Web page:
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It has gotten quiet around Syria in the Media, although the fighting continues undiminished. In the Shadow of war, there is a inconceivable Refugee Drama happening. A few days ago i drove into the Jordan­-Syria border area to get a picture of the situation. 


A week ago around this time I was sitting barefoot and cross­legged in a sparse tent at the edge of Mafraq, Jordan, 20 kilometers south of the syrian border. Across from me, dressed in a black garment, Fatima, Syrian of Sunni Decent. Beside her, four kids in colorful sweaters. Calm and with a low voice the 38 year old tells me her story.


Soldiers came to her house in the middle of the night. They accused her husband of terrorism, hit him with the barrel of their guns in front of the children. They threatened to shoot the children, if they wouldn’t stop yelling immediately. “And then?” I wanted to know. “I commanded my children to press their hands against their mouths and cry in silence.”

Fatima wants to stay anonymous. Provider of the family is the 10 year old son, who earns 3­4 Dinar a week, by collecting plastic garbage.

Escape from Homs 

They fled the same night, tells Fatima, out of the city. When they were to exhausted to continue, they knocked at a house. Christians lived there. “They received us, although they didn’t know us!”, tells the mother of five. Gratitude in her voice. “The next day they brought us to the city border in a van”. From there they fled across multiple stops in the direction of the Jordan border.

A few hours in this land filled my notebook with incomprehensible reports: the story of Fadia, for example, a young widow from Damaskus. Her Husband had been executed with two headshots right before her eyes. With good luck she made it across the border, to bear their child. Or the story of Nedir, Computer Science Student from Homs. “One day we no longer dared to go to the university, because of the snipers”, told me the 24 year old. Two years ago, her fiance was imprisoned. After that she never heard from him again.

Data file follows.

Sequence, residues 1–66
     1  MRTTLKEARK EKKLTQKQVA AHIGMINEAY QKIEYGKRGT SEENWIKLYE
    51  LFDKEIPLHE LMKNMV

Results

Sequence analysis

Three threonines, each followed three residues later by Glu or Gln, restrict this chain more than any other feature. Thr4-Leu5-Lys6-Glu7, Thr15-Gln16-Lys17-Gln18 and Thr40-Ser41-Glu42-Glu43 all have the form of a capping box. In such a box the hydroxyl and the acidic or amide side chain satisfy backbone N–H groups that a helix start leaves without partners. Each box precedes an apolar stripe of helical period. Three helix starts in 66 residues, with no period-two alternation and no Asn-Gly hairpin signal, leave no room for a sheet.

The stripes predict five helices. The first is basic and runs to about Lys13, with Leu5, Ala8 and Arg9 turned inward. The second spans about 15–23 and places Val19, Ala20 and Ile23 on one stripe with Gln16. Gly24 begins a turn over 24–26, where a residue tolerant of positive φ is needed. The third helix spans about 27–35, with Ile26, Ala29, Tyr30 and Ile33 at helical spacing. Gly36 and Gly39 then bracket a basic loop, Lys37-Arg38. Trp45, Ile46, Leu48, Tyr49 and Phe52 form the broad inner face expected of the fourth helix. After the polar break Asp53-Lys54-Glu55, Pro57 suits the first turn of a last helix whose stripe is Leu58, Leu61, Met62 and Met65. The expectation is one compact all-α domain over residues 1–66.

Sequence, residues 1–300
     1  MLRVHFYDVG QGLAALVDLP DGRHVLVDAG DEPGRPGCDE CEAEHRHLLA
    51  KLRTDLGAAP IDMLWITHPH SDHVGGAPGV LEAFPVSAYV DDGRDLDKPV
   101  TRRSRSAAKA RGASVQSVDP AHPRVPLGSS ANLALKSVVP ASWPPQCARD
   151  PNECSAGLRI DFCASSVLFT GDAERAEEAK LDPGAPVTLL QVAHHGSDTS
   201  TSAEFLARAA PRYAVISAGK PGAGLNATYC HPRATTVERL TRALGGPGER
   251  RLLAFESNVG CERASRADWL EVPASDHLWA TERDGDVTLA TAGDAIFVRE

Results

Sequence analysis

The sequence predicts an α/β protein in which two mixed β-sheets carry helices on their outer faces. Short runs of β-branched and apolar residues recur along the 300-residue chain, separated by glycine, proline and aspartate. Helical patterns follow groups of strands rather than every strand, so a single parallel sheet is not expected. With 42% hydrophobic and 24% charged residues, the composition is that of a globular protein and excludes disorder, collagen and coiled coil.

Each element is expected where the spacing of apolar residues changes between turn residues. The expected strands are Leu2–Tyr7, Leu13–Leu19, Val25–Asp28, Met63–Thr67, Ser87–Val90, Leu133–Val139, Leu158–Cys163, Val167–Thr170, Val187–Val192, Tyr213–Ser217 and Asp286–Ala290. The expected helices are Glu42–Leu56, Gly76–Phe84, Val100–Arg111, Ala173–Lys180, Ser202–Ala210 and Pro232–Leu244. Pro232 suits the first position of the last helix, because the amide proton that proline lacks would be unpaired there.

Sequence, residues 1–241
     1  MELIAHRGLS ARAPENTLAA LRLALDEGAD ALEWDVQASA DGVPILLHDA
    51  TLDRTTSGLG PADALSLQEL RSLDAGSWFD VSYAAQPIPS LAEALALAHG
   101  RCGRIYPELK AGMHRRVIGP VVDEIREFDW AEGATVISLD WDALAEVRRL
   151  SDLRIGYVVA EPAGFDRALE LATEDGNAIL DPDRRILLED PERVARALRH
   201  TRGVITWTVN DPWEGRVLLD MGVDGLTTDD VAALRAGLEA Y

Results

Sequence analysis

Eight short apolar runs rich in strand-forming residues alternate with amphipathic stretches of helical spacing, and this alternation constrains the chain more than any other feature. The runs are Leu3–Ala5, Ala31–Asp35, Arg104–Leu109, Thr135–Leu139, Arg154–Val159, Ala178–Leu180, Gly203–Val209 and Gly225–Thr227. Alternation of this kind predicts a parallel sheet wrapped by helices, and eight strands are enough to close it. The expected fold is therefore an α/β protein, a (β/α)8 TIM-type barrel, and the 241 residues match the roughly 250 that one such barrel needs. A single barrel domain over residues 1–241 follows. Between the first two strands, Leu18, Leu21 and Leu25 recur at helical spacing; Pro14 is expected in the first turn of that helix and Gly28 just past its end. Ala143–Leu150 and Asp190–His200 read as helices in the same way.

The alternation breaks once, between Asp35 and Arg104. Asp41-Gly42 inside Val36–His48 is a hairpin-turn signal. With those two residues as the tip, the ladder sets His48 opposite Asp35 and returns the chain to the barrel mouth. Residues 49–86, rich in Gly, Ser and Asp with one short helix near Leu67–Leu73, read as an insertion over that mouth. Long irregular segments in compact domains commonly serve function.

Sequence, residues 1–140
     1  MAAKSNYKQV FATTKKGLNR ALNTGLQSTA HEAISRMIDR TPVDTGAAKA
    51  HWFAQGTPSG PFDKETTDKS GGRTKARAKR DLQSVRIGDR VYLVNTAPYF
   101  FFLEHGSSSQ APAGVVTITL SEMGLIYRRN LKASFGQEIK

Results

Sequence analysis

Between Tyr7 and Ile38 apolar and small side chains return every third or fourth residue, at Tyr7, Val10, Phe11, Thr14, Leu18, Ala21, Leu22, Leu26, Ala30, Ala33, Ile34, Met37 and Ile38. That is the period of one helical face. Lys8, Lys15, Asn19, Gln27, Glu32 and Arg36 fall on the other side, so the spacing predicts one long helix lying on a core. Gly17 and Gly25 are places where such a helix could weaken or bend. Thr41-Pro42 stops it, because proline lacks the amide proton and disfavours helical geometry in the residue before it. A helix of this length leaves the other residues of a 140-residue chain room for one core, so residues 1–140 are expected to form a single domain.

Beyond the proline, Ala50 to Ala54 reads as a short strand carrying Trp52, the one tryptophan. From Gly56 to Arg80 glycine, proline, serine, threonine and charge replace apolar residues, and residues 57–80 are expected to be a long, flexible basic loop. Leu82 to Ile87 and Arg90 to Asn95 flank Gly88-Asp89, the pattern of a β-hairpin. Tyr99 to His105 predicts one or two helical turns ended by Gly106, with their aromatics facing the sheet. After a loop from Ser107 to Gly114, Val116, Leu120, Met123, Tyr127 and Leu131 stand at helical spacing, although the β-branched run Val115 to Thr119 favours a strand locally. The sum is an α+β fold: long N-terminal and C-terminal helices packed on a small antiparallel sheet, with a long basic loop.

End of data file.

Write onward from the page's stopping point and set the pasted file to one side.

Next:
Fadia (1st on the left) is 24 years old and a widow. Her husband was killed in cold blood, in broad daylight, last year.

Biggest humanitarian catastrophe since Ruanda

You’ll mainly see women and children in the refugee camps along the border. To date, the Kingdom of Jordan took in 560,000 refugees from Syria. That’s around a tenth of the overall Jordan population. (In comparison: Germany right now houses 15,000 Syrians). Round about one million of the 2.2 Million refugees outside of Syria are children. The UNO­ Refugee Program UNHCR says in a report that this is the biggest humanitarian catastrophe since the genocide in Ruanda.

Although Jordan, with a GDP [Gross Domestic Product] of barely 30 Billion Dollar, counts as one of the poorer states in the Middle East (no Oil, no large­scale industry), their borders stay open to refugees. One of the first places to go for homeless Syrians is the Zaatari­-Camp, a “tent city” that was erected by the UN out of the desert sand right behind the border crossing. 115.000 refugees live here, cramped up in a confined space like animals.

The tent, a few mattresses and blankets. With that, the refugees have to get through the hard winter.

Cabin Fever and child labor 

Fatima too persisted here with her family for almost two months. Until she couldn’t take it anymore. The sickness, the boredom. There was nothing to do, she tells. One day she packed her belongings and went to eastern located Mafraq, where she put up her UN­Refugee Tent on a free area at the gates of the 60,000 inhabitant city. On my journey through Jordan I saw some of these white tents, on the left and the right of the streets, in the middle of the landscape.